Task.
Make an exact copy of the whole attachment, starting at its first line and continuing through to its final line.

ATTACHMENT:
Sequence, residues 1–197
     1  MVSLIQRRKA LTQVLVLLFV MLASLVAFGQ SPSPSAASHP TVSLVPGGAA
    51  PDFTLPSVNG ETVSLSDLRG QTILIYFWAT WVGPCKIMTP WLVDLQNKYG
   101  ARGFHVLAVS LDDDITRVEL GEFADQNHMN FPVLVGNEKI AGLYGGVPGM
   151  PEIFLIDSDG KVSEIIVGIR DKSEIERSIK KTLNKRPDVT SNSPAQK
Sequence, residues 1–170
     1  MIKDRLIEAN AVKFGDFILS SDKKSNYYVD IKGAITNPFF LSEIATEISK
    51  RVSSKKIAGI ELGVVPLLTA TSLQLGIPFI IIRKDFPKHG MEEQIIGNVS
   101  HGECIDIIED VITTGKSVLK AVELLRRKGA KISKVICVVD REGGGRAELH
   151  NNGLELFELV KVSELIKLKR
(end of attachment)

Sequence, residues 1–197
     1  MVSLIQRRKA LTQVLVLLFV MLASLVAFGQ SPSPSAASHP TVSLVPGGAA
    51  PDFTLPSVNG ETVSLSDLRG QTILIYFWAT WVGPCKIMTP WLVDLQNKYG
   101  ARGFHVLAVS LDDDITRVEL GEFADQNHMN FPVLVGNEKI AGLYGGVPGM
   151  PEIFLIDSDG KVSEIIVGIR DKSEIERSIK KTLNKRPDVT SNSPAQK
Sequence, residues 1–170
     1  MIKDRLIEAN AVKFGDFILS SDKKSNYYVD IKGAITNPFF LSEIATEISK
    51  RVSSKKIAGI ELGVVPLLTA TSLQLGIPFI IIRKDFPKHG MEEQIIGNVS
   101  HGECIDIIED VITTGKSVLK AVELLRRKGA KISKVICVVD REGGGRAELH
   151  NNGLELFELV KVSELIKLKR